Good news in yesterday’s U.S.-China trade deal for Visa, MasterCard, and American Express

Good news in yesterday’s U.S.-China trade deal for Visa, MasterCard, and American Express

Yesterday, the day of the announcement of the Part 1 trade deal between the United States and China, shares of Via (V) climbed 1.91%. MasterCard (MA) gained 1.16%. American Express rose 0.79%. On a day when the Standard & Poor’s 500 fell 0.15% and the Dow Jones Industrial Average gained just 0.11%. Today the overall market was much stronger with the S&P 500 gaining 0.84% at the close and the Dow Industrials ahead 0.92%, but Visa (up 0.58%), MasterCard (up 1.93%) and American Express (up 0.56%) added to the previous day’s gains rather than giving ground. What’s up with these stocks?

Nektar’s new non-addictive opioid NKTR-181 to finally get an FDA advisory vote tomorrow

Nektar’s new non-addictive opioid NKTR-181 to finally get an FDA advisory vote tomorrow

I understand why the U.S. Food & Drug Administration has moved so slowly on a decision on Nektar Therapeutic’s (NKTR) new non-addictive opioid NKTR-181. The last thing the FDA wants to do in the midst of epidemic of opioid addiction is to approve a drug that might be one part of a solution to the problem only to have it turn out to have harmful side effects or ineffective or, maybe worst of all, itself addictive. But the delay–I remember looking for an advisory committee vote last summer has been torture for any one who holds the stock.

iPhone sales in China show double-digit growth in December

iPhone sales in China show double-digit growth in December

Apple’s iPhone shipments in China grew 18.7% year over year in December to roughly 3.18 million units, according to Bloomberg. (Bloomberg’s calculations are based on data from the China Academy of Information and Communication Technology, a government think tank. The growth rate is especially impressive given a drop in overall smartphone shipments in China of 13.7% ear over year in December.

Reporting 2019 (+21.19%) and 2018 (-8.22%) performance on long-term 50 Stocks Portfolio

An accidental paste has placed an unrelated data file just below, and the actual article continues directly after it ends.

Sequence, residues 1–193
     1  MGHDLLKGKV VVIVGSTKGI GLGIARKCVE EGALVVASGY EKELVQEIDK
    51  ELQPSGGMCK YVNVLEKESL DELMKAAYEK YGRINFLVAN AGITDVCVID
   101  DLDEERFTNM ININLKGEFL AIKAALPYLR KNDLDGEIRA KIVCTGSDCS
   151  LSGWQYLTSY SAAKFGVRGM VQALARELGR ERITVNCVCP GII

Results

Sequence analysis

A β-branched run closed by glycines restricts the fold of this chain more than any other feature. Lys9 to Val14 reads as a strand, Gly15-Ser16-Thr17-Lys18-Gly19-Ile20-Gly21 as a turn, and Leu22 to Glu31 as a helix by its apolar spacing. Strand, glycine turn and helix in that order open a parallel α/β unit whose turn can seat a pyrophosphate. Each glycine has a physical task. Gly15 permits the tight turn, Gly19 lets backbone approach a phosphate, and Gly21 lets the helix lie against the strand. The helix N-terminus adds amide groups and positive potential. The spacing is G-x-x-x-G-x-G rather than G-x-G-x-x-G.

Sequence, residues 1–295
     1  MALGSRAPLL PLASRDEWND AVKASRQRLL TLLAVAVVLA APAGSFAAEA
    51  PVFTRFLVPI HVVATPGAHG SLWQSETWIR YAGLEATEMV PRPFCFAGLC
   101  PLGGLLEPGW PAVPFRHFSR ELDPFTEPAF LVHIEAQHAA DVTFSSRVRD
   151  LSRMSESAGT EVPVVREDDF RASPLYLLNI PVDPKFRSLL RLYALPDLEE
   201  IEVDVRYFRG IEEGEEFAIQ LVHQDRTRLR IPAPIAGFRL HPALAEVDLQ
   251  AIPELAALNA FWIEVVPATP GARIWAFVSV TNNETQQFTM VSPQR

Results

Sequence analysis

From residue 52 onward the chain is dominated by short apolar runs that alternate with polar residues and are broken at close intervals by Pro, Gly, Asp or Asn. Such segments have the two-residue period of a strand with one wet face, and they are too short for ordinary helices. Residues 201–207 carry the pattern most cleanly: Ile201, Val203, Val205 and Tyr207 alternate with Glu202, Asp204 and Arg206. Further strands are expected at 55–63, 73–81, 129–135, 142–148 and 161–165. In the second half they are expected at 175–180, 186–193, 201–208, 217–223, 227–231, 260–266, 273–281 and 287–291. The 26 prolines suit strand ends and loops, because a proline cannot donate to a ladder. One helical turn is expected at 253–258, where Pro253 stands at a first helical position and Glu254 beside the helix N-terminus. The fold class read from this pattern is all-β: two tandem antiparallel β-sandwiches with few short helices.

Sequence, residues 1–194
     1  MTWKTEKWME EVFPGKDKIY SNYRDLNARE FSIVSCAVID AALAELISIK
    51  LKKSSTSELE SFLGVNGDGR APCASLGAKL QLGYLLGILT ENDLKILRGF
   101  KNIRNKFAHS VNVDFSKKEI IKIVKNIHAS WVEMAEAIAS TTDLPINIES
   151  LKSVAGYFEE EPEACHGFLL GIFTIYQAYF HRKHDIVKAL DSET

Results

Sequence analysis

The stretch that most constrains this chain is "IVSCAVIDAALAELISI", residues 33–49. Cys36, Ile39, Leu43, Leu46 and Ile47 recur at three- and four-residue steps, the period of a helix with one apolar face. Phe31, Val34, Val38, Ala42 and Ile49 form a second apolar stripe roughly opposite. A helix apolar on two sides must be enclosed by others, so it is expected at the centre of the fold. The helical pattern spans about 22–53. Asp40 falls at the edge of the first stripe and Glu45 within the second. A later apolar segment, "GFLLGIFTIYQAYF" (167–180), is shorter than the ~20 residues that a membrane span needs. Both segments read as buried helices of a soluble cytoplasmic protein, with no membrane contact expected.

Reporting 2019 (+21.19%) and 2018 (-8.22%) performance on long-term 50 Stocks Portfolio

Before I move onto looking at future buy and sells for this long-term portfolio, let me take a look at where the 50 Stocks Portfolio has been over the last two years. It makes some sense to treat your portfolio returns for 2018 and 2019 as one giant two year period because the near bear market at the end of 2018 dashed returns for that year but set up the recovery and high returns for 2019. My results in my long-term 50 stocks portfolio certainly followed that pattern with an 8.22% loss for 2018 and a total return of a positive 21.19% in 2019. (The performance numbers for both years include the dividends paid by the stocks in the portfolio–a 1.43% yield in 2018 and a 1.73% yield in 2019.)

The first of four not so easy pieces for rebalancing any portfolio but specifically my long-term 50 Stocks Portfolio

The first of four not so easy pieces for rebalancing any portfolio but specifically my long-term 50 Stocks Portfolio

In an ideal world, every stock market trend–up, down, sideways–would begin on January 1 and end on December 31. That would make an annual rebalancing of any portfolio as easy as falling off a madly spinning log in a Canadian logging festival. Most market trends don’t cooperate. They start early or end late and just make picking a date for selling long term losers, adding to promising positions that are temporarily down, or taking profits in winners from whatever the trend was, difficult. And sometimes the trend’s timing doesn’t just make a rebalancing difficult–sometimes it makes it downright daunting, head-scratchingly hard. You–or I in this instance–wind up wondering if rebalancing on the normal annual schedule is the best move or would it be smarter to wait until the trend seems to be peaking or has turned?And that was/is the case with 2018 and 2019.